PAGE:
Hives are itchy red welts that affect people of all ages. Hives fall into two categories: urticaria are red welts that appear on top of the skin while angioedema is swelling that begins under the skin. The swelling stretches and reddens the skin above. Both forms of hives have a variety of causes.
Allergies are antigen reactions to otherwise benign substances. This means that the body reacts to some safe substance as if it were an infection or toxin. Allergic reactions take on many forms. Urticaria and Angioderma are two forms of allergic reactions. Generally hives are one part of a wide range of allergic reactions. Some are severe. If you feel any tightening in your throat or have difficulty swallowing or breathing, seek emergency medical help. In some cases, hives form in the throat and compromise breathing.
Wheat, eggs, tree nuts, peanuts, fish and shellfish are all common food allergies. Sensitive people suffer hives after eating any of these foods. The hives are raised red dots that can be as small as 1/4-inch across to the size of a dinner plate. Sometimes smaller spots merge to become plaque hives. Hives are intensely itchy. However scratching gives little or no relief. When hive sufferers scratch the raised bumps, they risk damaging the skin. Long or sharp fingernails cut the skin and leave scars as the skin heals.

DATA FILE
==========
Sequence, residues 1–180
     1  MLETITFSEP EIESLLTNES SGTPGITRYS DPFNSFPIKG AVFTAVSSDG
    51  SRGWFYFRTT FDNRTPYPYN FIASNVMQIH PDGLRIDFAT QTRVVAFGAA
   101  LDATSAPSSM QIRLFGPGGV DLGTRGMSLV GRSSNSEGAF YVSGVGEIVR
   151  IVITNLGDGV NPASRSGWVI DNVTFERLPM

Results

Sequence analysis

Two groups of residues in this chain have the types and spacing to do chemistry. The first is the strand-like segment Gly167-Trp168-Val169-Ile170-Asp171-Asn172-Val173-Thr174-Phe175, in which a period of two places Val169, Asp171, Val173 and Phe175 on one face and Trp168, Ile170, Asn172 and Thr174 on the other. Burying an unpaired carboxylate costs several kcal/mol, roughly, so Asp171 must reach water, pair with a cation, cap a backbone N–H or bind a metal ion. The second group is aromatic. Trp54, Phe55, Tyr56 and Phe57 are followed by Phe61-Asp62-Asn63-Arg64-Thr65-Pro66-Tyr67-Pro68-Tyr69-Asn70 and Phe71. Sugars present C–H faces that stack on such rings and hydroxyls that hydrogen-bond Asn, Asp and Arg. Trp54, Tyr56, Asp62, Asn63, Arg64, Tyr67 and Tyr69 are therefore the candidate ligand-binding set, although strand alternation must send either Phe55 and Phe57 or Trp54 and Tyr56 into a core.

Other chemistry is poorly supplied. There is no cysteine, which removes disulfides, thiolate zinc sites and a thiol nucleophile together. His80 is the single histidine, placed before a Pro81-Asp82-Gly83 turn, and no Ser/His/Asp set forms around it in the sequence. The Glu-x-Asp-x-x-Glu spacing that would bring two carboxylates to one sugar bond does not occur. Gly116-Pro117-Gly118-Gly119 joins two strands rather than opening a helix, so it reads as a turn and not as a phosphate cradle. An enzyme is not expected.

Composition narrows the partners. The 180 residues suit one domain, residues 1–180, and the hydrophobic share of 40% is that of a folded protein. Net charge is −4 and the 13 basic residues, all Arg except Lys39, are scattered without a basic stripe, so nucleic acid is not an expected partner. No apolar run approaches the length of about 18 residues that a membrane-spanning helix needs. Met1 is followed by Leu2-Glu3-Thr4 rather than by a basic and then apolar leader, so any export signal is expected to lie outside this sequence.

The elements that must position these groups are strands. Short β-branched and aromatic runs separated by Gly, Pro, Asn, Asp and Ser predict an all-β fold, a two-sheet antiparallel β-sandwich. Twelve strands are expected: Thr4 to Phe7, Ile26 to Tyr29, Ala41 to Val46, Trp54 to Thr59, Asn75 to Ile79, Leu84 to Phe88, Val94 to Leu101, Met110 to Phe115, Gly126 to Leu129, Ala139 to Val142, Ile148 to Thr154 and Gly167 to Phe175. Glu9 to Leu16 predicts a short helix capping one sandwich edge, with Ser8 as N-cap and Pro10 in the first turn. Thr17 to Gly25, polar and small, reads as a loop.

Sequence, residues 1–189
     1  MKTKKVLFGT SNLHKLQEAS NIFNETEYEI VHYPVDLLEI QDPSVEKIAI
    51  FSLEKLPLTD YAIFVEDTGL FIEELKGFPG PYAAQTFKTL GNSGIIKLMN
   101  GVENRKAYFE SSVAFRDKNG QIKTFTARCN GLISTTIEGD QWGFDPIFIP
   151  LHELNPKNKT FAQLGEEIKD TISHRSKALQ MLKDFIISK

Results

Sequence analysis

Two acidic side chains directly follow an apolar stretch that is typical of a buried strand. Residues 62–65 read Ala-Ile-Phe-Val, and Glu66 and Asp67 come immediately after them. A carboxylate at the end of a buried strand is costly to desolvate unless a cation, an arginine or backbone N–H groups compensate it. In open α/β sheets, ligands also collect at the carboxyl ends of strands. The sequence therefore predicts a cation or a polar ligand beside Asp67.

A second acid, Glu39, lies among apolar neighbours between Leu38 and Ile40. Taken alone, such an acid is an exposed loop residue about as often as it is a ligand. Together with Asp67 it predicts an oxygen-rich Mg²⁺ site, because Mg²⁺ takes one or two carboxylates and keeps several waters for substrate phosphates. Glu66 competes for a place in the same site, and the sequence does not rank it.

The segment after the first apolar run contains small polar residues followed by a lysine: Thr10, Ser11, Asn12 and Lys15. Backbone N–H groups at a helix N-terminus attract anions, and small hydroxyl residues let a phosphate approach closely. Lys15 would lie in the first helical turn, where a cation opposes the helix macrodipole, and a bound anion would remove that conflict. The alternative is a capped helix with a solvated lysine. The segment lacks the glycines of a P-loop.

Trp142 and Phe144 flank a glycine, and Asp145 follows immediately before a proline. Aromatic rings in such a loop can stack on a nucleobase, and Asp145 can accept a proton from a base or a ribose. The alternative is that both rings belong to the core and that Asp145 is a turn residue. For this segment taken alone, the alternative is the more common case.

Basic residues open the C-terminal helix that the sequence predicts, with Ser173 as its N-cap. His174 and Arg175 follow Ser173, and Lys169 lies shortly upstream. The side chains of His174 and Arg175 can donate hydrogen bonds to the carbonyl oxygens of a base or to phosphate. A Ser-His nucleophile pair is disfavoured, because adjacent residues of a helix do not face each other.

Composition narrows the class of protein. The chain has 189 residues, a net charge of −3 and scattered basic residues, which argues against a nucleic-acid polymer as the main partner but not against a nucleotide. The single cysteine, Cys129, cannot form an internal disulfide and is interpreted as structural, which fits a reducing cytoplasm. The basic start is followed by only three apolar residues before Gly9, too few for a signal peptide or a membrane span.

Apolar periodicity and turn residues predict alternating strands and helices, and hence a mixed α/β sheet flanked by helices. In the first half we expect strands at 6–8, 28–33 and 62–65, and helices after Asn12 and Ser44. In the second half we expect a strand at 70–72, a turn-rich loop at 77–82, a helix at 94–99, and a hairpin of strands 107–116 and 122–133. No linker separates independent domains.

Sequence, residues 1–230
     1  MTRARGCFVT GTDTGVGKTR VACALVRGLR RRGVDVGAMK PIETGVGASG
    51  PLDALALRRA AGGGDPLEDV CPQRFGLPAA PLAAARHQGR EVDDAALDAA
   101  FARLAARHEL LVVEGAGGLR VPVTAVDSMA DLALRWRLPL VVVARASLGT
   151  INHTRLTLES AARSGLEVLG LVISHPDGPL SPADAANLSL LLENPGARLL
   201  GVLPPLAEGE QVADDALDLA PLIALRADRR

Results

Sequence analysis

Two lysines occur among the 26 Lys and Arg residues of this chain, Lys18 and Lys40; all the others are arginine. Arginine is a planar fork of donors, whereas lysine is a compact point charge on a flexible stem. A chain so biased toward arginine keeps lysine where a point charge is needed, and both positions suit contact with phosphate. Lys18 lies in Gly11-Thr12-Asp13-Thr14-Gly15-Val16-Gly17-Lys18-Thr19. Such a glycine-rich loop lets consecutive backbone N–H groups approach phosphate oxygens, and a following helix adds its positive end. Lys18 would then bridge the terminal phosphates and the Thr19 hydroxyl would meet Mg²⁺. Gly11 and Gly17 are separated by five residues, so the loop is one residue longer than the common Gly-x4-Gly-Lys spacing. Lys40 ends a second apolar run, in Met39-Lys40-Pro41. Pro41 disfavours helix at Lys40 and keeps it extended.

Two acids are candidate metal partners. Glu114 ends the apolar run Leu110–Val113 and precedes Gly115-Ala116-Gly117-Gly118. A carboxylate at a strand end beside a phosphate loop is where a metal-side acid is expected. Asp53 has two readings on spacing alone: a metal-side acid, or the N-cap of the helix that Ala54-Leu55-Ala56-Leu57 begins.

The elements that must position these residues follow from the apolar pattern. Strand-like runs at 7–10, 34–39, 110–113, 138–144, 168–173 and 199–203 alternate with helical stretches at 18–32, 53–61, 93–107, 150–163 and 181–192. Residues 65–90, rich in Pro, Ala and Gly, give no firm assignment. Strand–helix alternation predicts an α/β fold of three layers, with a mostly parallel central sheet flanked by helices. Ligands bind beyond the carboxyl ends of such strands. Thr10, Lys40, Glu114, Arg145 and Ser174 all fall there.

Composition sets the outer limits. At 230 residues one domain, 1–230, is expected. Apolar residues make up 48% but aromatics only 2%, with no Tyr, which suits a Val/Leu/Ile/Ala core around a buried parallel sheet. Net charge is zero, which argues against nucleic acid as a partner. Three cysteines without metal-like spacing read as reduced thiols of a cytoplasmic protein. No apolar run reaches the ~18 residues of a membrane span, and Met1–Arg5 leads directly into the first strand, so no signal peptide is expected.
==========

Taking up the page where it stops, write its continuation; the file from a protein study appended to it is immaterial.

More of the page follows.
Reactions to Medicine
Medicines cause hives in some people. Medical hives appear similar to food allergy hives. If any patient develops hives after taking a medication of any kind, notify the doctor immediately. The doctor may stop the offensive medication or prescribe a treatment. Like food allergies, medication-induced hives disappear on their own. Scratching the hives damages the skin and has the potential to create scars.
Some people develop hives after contact with everyday items. Latex, which is found in everything from medical gloves to children's balloons, cause some people to develop the condition. Household chemicals such as cleansers, air fresheners and insecticides cause reactions. Some people even develop hives after exposure to sunlight. Insect bites and plants such as poison ivy and poison oak also cause severe reactions. Even without scratching, the reaction to poison ivy may be so severe that the skin breaks and weeps.
The best way to prevent scarring from hives is to prevent the hives in the first place. Avoid those foods, chemicals and substances that have caused hives in the past. If you are unsure of what has caused your hives, keep a diary of food and substances you meet. Correlate your symptoms with the substances. When you suffer from hives, use cool compresses and over-the-counter antihistamines to relive your symptoms. If the itching persists, see your doctor. Several prescription medications help relieve the pain and itch of hives.
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